It provided a synergistic sampler platter of goodies: a collection of espn.com expert 2012 division finish predictions, intelligence from NFC South Blogger Pat Yasinskas, some statistical nuggets from ESPN Stats and Information, an insider's view from ESPN The Magazine, and a Blogger Blitz NFC South Preview video featuring Yasinskas.
Continuing our week's theme of delving into the smorgasbord of speculative previews, make the jump for a peek at the minutiae of it...
First, I want you to know that of the five experts cited, Yasinskas and Adam Schefter predict the Saints to finish first in the NFC South, while John Clayton and Ashley Fox foresee a second place finish, and Jeffri Chadiha projects them third.
The intelligence provided by Yasinskas, billed as "five things you need to know about the Saints," covers these areas: who's missing, more production from RB Darren Sproles, Drew Brees as the coach on the field, an improved defense, and the change on the offensive line.
In the Inside the Numbers section, Sproles was featured prominently:
Darren Sproles played a vital role in the Saints' high-octane offense last season, averaging 7.6 yards per touch, which was first among running backs with at least 50 touches.
Sproles averaged 6.9 yards per rush attempt, best among qualified running backs, and did not fumble. He averaged 7.5 yards per rush, and scored two of his four rushing touchdowns on runs outside the tackles.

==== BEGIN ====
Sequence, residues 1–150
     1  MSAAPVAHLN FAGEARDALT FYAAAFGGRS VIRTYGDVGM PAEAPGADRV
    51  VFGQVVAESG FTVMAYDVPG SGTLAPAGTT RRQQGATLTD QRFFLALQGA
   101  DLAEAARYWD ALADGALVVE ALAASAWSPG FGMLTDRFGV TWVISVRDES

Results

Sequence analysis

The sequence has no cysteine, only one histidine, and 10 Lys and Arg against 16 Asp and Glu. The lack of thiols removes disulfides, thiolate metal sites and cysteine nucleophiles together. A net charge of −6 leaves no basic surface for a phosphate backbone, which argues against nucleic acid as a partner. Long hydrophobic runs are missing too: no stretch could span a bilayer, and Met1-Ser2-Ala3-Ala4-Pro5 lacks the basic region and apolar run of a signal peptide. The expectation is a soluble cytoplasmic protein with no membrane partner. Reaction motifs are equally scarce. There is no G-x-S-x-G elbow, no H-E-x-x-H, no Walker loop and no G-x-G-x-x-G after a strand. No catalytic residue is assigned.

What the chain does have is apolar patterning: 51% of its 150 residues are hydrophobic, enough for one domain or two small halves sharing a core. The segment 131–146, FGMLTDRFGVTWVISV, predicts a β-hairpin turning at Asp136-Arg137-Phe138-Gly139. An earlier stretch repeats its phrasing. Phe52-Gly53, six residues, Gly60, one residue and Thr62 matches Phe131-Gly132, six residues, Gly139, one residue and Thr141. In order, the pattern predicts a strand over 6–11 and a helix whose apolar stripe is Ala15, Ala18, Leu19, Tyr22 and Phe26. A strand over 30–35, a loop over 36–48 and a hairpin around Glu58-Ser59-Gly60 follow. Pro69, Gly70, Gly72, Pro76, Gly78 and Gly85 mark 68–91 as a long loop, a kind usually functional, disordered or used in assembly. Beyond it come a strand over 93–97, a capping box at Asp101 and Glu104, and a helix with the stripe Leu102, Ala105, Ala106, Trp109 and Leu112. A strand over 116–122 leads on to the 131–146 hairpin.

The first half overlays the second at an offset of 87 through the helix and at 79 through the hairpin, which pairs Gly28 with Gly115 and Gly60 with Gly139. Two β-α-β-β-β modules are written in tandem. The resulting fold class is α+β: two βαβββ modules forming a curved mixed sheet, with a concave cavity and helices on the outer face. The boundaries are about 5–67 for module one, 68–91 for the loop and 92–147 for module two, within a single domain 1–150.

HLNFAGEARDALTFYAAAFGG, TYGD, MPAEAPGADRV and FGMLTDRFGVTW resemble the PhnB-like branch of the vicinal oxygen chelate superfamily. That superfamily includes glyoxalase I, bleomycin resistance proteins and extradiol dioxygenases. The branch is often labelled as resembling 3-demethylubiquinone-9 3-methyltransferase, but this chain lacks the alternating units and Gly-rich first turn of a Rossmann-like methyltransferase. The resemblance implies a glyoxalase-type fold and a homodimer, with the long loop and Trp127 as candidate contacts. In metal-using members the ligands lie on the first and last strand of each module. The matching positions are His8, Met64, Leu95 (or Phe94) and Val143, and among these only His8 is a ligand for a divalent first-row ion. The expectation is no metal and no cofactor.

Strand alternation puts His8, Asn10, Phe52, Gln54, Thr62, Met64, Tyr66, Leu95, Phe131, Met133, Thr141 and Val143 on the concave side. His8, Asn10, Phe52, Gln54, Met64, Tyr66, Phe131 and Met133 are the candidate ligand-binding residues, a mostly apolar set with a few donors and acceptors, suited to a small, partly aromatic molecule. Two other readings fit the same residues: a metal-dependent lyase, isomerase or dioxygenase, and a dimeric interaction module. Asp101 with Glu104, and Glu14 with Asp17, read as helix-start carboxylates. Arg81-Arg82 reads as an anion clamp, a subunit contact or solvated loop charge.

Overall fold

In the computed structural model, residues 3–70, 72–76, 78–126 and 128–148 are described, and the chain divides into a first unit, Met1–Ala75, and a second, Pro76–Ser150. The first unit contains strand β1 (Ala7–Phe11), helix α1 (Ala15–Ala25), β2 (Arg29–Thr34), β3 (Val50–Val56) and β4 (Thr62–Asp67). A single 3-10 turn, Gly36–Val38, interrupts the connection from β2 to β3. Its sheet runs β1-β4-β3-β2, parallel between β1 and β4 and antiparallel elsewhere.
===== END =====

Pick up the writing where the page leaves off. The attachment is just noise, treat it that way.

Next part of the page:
Sproles was also effective in the passing game, leading all running backs with 86 receptions and seven touchdowns. He was one of the NFL's top receiving threats, despite all of his passes coming on throws of 10 air yards or fewer. Sproles finished with 707 yards after the catch, second in the league behind Wes Welker (712).
And here are the other nuggets:
• The Saints had one of the top red zone offenses in 2011, averaging 3.7 yards per play, best in the NFL. Tight end Jimmy Graham had eight red zone touchdowns, tied for third in the league.
• Drew Brees completed 57.6 percent of his throws of 15 air yards or more downfield last season with 18 touchdowns. Both figures were best among qualified quarterbacks.
Gary Horton penned the Insider's View, and calls the Saints running backs the best unit on the team...
a healthy Mark Ingram still can be an elite feature back. Darren Sproles is the premier dual threat in the NFL, and Pierre Thomas offers a blend of Ingram's power and Sproles' versatility. When bruiser Chris Ivory is your fourth back, that means you're loaded.
...and the defensive line as the worst:
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Obviously, this piece wasn't meant for our well-informed brains, but what do you think of the information provided in it? Is it accurate, relevant, misleading, worthless?